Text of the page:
Park update: The Interim Walkway at the Western Rail Yards (between 30th & 34th Streets) is temporarily closed today.

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30th Street Challenge
Give by June 20

To meet the demands of our busiest time of the year, we ask all friends of the High Line to help us raise a total of $30,000—$1,000 for each block of our 1.5-mile-long park along Manhattan’s West Side.

Photo by Timothy Schenck

Kathryn Andrews

Sunbathers I & II

May 2016 – March 2017

On the High Line at West 18th Street and under The Standard, High Line

May 2016 – March 2017

In her sculptures and wall works, Kathryn Andrews appropriates images from popular culture, often from American movies, television, and stock photography archives; she then alters and recontextualizes them into three-dimensional configurations to create new narratives where viewers are invited to rethink the images’ content in relation to their own bodies. Frequently, Andrews works with stainless steel and aluminum, polished to a mirrored finish, to further challenge the perception of reality and its depiction, and the ubiquitous photographic world that proliferates in advertising and on screen.

For the High Line, Andrews presents her first public art commission, responding to two contrasting aspects of the elevated park: its relationship to nearby billboards and to the natural landscape. Andrews describes the High Line’s environment as a “hyper-surreal image world,” composed of large-scale advertisements and commercial signs that surround park visitors as they stroll high above the bustling cityscape. Andrews notes, by contrast, that the High Line’s physical design offers visitors a chance to develop awareness of the body in relation to extreme natural weather conditions including intense winds, rain, snow, and sun.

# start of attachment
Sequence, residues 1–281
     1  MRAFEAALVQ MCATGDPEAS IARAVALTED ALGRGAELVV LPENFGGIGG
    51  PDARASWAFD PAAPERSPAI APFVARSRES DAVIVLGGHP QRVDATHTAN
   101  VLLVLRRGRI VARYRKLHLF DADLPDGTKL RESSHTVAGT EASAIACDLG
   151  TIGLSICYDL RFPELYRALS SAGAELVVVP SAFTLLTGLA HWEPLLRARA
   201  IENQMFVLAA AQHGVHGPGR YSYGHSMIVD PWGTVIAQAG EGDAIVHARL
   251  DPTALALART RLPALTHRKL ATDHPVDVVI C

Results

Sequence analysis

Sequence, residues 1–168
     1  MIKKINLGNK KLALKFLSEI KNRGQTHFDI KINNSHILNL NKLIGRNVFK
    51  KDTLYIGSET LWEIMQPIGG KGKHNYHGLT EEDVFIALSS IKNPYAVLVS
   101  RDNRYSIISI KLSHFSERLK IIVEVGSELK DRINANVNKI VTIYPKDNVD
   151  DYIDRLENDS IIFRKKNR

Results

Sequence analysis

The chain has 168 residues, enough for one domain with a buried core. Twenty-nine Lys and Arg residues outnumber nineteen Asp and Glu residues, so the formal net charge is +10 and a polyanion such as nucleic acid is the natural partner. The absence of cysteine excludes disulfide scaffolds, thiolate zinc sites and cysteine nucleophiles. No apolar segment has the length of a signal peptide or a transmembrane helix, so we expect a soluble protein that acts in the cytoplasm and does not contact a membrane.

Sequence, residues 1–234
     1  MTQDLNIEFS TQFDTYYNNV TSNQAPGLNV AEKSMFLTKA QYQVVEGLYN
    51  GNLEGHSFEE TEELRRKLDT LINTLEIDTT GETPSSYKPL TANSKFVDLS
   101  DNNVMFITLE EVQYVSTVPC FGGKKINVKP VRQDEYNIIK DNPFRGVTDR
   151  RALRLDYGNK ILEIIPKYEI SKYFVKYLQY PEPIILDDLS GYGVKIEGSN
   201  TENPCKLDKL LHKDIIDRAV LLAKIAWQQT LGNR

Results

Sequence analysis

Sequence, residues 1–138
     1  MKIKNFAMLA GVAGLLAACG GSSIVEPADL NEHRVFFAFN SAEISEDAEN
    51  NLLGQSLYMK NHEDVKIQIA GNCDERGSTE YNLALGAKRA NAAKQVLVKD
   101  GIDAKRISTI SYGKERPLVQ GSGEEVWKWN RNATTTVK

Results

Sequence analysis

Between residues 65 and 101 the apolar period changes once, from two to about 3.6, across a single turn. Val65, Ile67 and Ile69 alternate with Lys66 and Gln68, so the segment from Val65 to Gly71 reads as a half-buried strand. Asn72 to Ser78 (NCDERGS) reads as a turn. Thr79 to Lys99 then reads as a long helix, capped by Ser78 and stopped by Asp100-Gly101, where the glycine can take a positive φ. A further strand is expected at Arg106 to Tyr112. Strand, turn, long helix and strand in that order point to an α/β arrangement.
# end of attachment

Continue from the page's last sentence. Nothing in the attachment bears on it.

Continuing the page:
Andrews’s first sculpture, Sunbathers I, is a towering box-like structure, silkscreened with a black-and-white stock image of a public beach sign that announces, “Beyond This Point You May Encounter Nude Sunbathers.” Installed at West 18th Street, the sculpture houses misting nozzles that spray water intermittently at passers-by. Placing this work on the High Line, where nudity is not allowed draws attention to the more risqué social mores displayed on nearby billboards. The second sculpture, Sunbathers II, installed under The Standard, High Line, is a large, horizontal aluminum box containing a giant fan and featuring a photograph of an ice cream cone. The fan’s movement is juxtaposed with the adjacent static image, mirroring the park itself.

Organized by Cecilia Alemani, Donald R. Mullen, Jr. Director & Chief Curator.

Photos by Timothy Schenck.

Artist bio

Kathryn Andrews (b. 1973, United States) lives and works in Los Angeles. Recent solo exhibitions have included the Museum of Contemporary Art, Chicago (2015); Bass Museum of Art, Miami (2014); and Museum Ludwig, Cologne (2013). Notable group exhibitions include Teen Paranormal Romance, traveling to Santa Barbara Museum of Art (2015); the Renaissance Society at The University of Chicago (2014); and Atlanta Contemporary Art Center (2014); The Los Angeles Project, Ullens Center for Contemporary Art, Beijing (2014); When Attitudes Became Form Become Attitudes, Museum of Contemporary Art Detroit (2013); Made in L.A. 2012, Hammer Museum, Los Angeles (2012); and First Among Equals, Institute of Contemporary Art, Philadelphia (2012).


Kathryn Andrews, “Sunbathers I & II”, is supported, in part, by Christen and Derek Wilson, VIA Art Fund, and HFZ Capital Group.

Courtesy of David Kordansky Gallery.

Major support for High Line Art comes from Donald R. Mullen, Jr. and The Brown Foundation, Inc. of Houston. Additional funding is provided by The Andy Warhol Foundation for the Visual Arts, and Dorothy Lichtenstein. High Line Art is supported, in part, with public funds from the New York City Department of Cultural Affairs in partnership with the New York City Council and from the New York State Council on the Arts with the support of Governor Andrew Cuomo and the New York State Legislature.